How a Caterpillar Becomes a Butterfly
Grade Level(s): K, 1
Duration: 30-45 minutes
Description: The activity is intended to teach the life
cycle of a butterfly. Students will role play and draw the various
stages an insect goes through to become a butterfly.
Goals: California State Standards :
Life Sciences Standard 2 (Grade 1): Plants and animals meet their
needs in different ways. As a basis for understanding this concept:
a. Students know different plants and animals inhabit different
kinds of environments and have external features that help them
thrive in different kinds of places.
b. Students know both plants and animals need water, animals need
food, and plants need light.
c. Students know animals eat plants or other animals for food and
may also use plants or even other animals for shelter and nesting.
Objective: Students will role play and draw the various stages an
insect goes through to become a butterfly.
The Very Hungry Caterpillar by Eric Carle
(available in The Nature Store here)
string and paper butterfly (teacher-made)
pretend butterfly wings (teacher-made)
butterfly puppet (if available)
live caterpillar in a jar (optional for observations during a butterfly
Know the stages a butterfly goes through: egg...larvae...pupa...butterfly.
Butterflies emerge from chrysalises; moths emerge from cocoons.
Some butterflies reflect in their wing color things they have eaten.
There are some differences in moths and butterflies: butterflies
have balls on the end of antennae; many butterflies have a smaller
thorax than moths; butterflies have 3 main body regions (head, thorax,
abdomen); butterflies have 3 pairs of jointed legs; butterflies
have one pair of antennae.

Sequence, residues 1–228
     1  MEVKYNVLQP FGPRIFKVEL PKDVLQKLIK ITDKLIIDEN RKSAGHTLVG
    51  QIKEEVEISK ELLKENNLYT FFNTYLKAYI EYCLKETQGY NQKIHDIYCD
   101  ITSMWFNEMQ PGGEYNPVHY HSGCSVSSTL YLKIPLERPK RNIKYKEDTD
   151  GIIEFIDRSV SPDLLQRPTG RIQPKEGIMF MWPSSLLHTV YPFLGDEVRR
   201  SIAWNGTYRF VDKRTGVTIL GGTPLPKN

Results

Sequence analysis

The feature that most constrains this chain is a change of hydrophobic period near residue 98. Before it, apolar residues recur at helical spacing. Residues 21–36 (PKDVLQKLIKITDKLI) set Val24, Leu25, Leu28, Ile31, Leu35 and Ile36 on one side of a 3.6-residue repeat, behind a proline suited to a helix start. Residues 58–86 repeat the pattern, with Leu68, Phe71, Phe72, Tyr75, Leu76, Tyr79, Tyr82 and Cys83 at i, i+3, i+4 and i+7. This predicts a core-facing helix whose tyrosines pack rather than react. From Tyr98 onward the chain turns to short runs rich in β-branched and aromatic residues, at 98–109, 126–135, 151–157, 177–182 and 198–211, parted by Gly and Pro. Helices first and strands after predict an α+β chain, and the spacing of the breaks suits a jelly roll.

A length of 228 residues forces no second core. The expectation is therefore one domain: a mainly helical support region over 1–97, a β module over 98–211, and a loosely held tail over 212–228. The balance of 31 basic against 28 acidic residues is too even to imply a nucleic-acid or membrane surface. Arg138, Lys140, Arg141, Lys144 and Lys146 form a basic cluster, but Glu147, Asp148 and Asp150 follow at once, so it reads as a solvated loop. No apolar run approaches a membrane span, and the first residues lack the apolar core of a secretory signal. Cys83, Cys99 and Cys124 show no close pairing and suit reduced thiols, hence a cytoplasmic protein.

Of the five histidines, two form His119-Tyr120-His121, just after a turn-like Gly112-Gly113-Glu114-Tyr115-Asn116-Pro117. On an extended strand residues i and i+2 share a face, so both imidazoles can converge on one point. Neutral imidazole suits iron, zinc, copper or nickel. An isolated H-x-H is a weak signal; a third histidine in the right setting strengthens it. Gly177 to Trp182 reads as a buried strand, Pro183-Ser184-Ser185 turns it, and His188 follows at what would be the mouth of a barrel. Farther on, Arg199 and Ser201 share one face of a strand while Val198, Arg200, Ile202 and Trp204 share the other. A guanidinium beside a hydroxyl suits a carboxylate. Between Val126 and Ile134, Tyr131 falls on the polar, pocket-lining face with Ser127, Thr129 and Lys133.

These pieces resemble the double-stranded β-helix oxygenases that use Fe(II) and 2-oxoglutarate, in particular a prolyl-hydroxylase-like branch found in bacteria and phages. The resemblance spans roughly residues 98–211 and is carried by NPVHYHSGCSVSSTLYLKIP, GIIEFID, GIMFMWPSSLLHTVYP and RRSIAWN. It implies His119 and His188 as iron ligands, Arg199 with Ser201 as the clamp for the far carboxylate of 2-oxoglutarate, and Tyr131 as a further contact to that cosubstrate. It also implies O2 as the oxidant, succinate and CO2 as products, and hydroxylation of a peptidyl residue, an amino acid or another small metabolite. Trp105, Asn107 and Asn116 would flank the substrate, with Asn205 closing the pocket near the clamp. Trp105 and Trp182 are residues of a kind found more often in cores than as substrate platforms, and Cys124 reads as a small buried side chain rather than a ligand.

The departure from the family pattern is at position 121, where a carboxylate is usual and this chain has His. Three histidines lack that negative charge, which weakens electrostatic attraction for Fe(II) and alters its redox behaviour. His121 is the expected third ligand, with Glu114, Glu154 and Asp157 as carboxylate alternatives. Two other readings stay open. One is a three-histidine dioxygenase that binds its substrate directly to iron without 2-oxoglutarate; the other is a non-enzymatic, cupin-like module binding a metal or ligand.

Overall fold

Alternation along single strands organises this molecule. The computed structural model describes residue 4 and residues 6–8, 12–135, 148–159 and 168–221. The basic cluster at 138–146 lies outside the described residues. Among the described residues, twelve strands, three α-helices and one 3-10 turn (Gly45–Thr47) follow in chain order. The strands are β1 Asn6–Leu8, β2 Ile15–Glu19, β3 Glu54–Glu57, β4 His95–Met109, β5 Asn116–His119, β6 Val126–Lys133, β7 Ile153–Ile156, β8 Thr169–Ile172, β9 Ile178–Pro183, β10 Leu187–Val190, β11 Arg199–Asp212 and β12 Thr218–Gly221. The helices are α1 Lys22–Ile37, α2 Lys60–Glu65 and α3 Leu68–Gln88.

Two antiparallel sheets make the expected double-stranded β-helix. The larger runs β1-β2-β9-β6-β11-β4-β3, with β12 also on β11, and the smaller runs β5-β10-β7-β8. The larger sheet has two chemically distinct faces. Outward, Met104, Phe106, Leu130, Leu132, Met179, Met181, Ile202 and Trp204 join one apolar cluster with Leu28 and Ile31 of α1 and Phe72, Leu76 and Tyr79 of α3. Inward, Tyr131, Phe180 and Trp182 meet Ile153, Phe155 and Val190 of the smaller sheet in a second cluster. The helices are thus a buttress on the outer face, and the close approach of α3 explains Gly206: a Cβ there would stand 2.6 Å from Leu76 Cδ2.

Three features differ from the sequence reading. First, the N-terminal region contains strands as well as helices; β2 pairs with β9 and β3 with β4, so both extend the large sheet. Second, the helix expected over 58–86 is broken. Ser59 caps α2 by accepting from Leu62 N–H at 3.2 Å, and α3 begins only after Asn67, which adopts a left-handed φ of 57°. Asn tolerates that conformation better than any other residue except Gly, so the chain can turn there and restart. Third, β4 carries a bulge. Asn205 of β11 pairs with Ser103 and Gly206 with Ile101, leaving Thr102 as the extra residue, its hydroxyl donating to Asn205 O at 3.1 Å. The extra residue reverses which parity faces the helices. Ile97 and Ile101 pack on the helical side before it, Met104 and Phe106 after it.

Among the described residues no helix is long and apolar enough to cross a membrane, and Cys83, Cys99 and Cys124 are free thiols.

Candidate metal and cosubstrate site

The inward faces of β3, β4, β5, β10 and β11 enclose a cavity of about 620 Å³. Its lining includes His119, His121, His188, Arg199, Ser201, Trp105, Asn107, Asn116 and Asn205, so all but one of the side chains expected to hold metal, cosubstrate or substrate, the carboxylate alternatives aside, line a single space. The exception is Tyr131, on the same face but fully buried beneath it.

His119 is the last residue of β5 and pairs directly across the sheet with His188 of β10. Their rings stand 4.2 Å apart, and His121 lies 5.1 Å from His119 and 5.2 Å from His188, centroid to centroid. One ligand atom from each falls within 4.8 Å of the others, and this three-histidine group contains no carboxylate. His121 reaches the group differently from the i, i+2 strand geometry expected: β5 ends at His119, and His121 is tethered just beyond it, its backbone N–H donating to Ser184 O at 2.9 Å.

"Boys and girls, I am going to do a magic trick, and I want
you to watch very carefully what I am about to do." Get an
ordinary string and stretch it out... (Keeping one hand clutched
in a ball with a paper butterfly inside)... as children watch, slowly
stick the string inside the balled up hand from the top. When the
string is all inside, tell the children something magical is happening
to the string. Have them count slowly to three and then pull out
the butterfly from the bottom. While you are flittering it around
with the other hand, the one holding the string sticks the string
in your pocket. Students will be amazed!
'Today we are going to see the different stages a caterpillar goes
through to become a butterfly... like my string caterpillar did.
I will do this again at the end of the lesson and let you in on
my secret... but you must be good listeners."
Read the story, The Very Hungry Caterpillar by Eric Carle. Stop
periodically to ask questions to internalize the story. Choose the
best listeners to act out the story. One child can be the caterpillar
and other children can pretend to be the food items. The caterpillar
begins in a ball position until it hatches. It crawls out and around
as the story is re-read and eats the food. It crawls under the sheet
(chrysalis) and puts on wings... when the story is over it emerges
as a butterfly.
As students go through the role playing, stop at various intervals
and tell the scientific name for the stage of the caterpillar.
Have children make the movements of a caterpillar with their hands
while you show with a puppet:
egg (hand in fist position)
larva (index finger extended, scrunched, extended, ...)
pupa (index finger inside other hand's fist [like hot dog])
butterfly (two hands interlocking an doing flying motion)
Conduct the "magic trick" again. This time slow down so
students can see what happened. Give them a piece of string and
a butterfly to try on their own. Students will be allowed to take
the string home and demonstrate it to a family member.
Assessment: In their journals, students should draw the various
stages a butterfly goes through. Students may label the pictures
using invented spelling.